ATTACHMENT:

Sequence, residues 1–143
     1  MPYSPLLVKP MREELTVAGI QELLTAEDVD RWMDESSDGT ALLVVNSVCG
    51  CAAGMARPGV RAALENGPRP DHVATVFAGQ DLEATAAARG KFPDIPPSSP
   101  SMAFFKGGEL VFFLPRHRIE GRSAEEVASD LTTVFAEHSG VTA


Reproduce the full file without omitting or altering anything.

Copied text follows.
Sequence, residues 1–143
     1  MPYSPLLVKP MREELTVAGI QELLTAEDVD RWMDESSDGT ALLVVNSVCG
    51  CAAGMARPGV RAALENGPRP DHVATVFAGQ DLEATAAARG KFPDIPPSSP
   101  SMAFFKGGEL VFFLPRHRIE GRSAEEVASD LTTVFAEHSG VTA